The Old Vic is one of London’s most historic theatres, with a rich artistic heritage stretching back over 190 years. Actors such as Laurence Olivier, John Gielgud and Judi Dench began their careers here, and we provided the first home for the companies that would go on to become the National Theatre, the Royal Ballet and English National Opera. Since 2003, we’ve run Old Vic New Voices, the outreach and involvement arm of our work, which nurtures emerging talent, educates young people and promotes community participation.
We’ve been delivering this award-winning work for over a decade now, and have witnessed first-hand the real difference that our projects make. We see participants gain new skills, make life-long friends, transform their confidence and enhance their health and wellbeing. We see these changes, and we read people’s positive feedback, and yet like many other cultural institutions, we have a hard time converting this into ‘hard’ evidence about the impact of Old Vic New Voices. We can offer our funders compelling case studies and personal stories, but would love to reinforce this anecdotal evidence with the corresponding data. Furthermore, better analysis would enable us to assess our work even more comprehensively, and to add even greater value for participants.
So why do we find it challenging to collect and evaluate this information? On one level, we’re always pushed for the time and resources needed to implement more rigorous assessments. But more significantly, we struggle to find a suitable evaluative model. Our previous impact assessments, some of which have been produced by external evaluators, have primarily been conducted via online surveys and participant interviews at the end of projects. These have produced useful data about the short-term effects of our projects for individual participants. However, because both the personal and societal outcomes of creative projects are incredibly varied and multifaceted, we require a method that can capture this complexity.
We’ve used frameworks like the New Economics Foundation’s ‘Five Ways to Wellbeing’, which provides evidence-based actions for improving happiness and wellbeing. Other organisations have had success with the NEF’s Five Ways too, notably dance house Sadler’s Wells, who used them as the basis of a comprehensive project evaluation completed in association with Goldsmiths’ Institute of Cultural and Creative Entrepreneurship. Resources such as this are incredibly valuable in establishing a shared language, but they don’t always result in the kind of data that can be rigorously evaluated.
In addition to a lack of appropriate evaluative frameworks, we find ourselves facing broader ideological questions too. There is an understandable reticence within the cultural and creative industries when it comes to proving the social value of art. For many, the arts have an intrinsic worth that cannot be mapped or measured, with the primary benefit found in creative self-expression itself, rather than the longer-term effects experienced afterwards. Unfortunately, this is at odds with a funding landscape increasingly dominated by cost-benefit analysis. Should the output of our cultural institutions be exclusively focused on adding maximum social value? Or should we empower artists to create work they believe in, and trust that audiences will take something positive from it? It’s an increasingly contentious question, and one which is currently being considered by the Cultural Value Project. Established by the Arts and Humanities Council, the project is seeking to “make a major contribution to how we think about the value of arts and culture to individuals and to society,” in order to establish how best to measure that value.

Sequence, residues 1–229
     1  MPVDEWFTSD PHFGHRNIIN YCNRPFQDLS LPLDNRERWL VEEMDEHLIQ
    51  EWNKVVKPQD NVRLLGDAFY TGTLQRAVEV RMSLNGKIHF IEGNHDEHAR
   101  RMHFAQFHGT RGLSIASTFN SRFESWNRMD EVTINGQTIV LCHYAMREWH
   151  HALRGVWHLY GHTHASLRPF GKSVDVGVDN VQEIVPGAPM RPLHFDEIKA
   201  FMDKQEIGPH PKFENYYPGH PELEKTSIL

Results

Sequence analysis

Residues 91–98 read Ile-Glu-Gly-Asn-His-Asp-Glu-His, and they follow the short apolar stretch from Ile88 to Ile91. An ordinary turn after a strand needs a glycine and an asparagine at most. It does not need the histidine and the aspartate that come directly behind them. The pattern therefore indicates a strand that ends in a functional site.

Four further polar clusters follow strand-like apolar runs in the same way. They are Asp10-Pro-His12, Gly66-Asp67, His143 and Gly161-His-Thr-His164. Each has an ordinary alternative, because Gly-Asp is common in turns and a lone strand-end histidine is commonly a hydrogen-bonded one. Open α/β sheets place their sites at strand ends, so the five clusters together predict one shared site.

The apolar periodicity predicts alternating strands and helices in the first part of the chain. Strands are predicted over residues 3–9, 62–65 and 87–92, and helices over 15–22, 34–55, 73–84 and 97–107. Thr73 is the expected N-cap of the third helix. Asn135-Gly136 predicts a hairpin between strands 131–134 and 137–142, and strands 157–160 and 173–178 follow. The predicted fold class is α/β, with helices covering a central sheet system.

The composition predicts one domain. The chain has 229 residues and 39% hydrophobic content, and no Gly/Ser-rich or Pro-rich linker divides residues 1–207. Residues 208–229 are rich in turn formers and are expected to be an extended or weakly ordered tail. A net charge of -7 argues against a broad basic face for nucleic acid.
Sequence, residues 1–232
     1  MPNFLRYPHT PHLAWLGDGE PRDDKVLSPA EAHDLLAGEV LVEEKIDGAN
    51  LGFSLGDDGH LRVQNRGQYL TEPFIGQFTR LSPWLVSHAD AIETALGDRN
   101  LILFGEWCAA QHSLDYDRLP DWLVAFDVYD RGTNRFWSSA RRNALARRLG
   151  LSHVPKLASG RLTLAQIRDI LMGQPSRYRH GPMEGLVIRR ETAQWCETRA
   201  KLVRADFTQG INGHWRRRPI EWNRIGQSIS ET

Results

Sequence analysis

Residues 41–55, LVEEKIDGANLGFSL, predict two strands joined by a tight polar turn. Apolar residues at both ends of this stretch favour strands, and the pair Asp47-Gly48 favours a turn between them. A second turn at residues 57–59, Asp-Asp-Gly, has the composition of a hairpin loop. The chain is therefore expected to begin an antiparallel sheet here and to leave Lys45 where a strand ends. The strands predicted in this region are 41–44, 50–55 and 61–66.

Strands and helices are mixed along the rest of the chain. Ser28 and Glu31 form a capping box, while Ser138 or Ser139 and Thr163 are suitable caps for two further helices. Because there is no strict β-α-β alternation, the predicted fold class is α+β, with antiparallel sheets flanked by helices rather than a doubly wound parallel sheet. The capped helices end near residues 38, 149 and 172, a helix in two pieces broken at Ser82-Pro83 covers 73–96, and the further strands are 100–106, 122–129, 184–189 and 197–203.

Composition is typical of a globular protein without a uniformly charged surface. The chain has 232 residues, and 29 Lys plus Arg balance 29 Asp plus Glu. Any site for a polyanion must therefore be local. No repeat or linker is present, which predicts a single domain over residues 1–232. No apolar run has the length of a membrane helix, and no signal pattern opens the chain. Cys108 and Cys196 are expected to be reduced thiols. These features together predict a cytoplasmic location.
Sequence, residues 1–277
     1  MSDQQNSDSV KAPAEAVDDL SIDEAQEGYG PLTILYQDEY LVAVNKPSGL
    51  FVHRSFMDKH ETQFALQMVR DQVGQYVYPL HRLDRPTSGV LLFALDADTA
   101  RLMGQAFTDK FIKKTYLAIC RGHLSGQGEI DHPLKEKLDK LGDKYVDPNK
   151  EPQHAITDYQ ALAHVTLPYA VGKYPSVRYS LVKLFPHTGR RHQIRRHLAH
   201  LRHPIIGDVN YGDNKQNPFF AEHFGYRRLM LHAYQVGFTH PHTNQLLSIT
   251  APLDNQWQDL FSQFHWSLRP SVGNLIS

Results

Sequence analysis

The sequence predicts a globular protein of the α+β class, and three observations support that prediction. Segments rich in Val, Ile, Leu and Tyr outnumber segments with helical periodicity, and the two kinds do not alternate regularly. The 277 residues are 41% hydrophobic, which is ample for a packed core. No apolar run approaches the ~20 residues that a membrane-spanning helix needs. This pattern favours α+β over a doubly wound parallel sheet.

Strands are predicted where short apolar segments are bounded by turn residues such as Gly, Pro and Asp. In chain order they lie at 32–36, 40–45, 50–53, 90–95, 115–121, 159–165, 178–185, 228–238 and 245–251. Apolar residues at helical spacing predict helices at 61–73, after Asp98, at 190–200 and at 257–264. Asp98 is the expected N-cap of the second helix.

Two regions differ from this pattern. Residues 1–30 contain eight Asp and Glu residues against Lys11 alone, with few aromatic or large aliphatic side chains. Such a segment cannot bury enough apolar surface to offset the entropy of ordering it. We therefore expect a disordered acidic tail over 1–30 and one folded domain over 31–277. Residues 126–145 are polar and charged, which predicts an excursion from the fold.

We are therefore keen to find an evaluation method that can take into account the broad range of outcomes our projects produce, whilst also ensuring that artistic impact is not superseded by economic value. The answer to this may be found in one of fundraising’s favourite buzzwords: storytelling.
Storytelling evaluations, which take first person narratives as their basis, don’t try and fit people into a box. By using people’s own words, this approach can represent complex experiences and outcomes. Participants are then encouraged to self-analysize what the story relates to, positioning their account within a pre-established framework of say, health, happiness or social relationships. These stories, and where they are placed within the framework can then be digitally collated and analysed, in order to provide a valuable insight into what has been a success and why. And with participants self-reporting online, this approach need not be too costly or resource heavy. The Global Giving Storytelling Network has done innovative work in this field, using this method to measure the impact that various donations have made in communities in rural Kenya and Uganda.
At The Old Vic we’re excited about the possibility of applying a similar approach to arts and culture. Storytelling is at the heart of great theatre, and may also prove a valuable tool for us to have an even greater impact in our community.
Many thanks to Natasha for her insights and commentary on the state of impact measurement within the arts and culture space. Be sure to follow her on Twitter, and of course, both The Old Vic and their outreach programme, The Old Vic New Voices.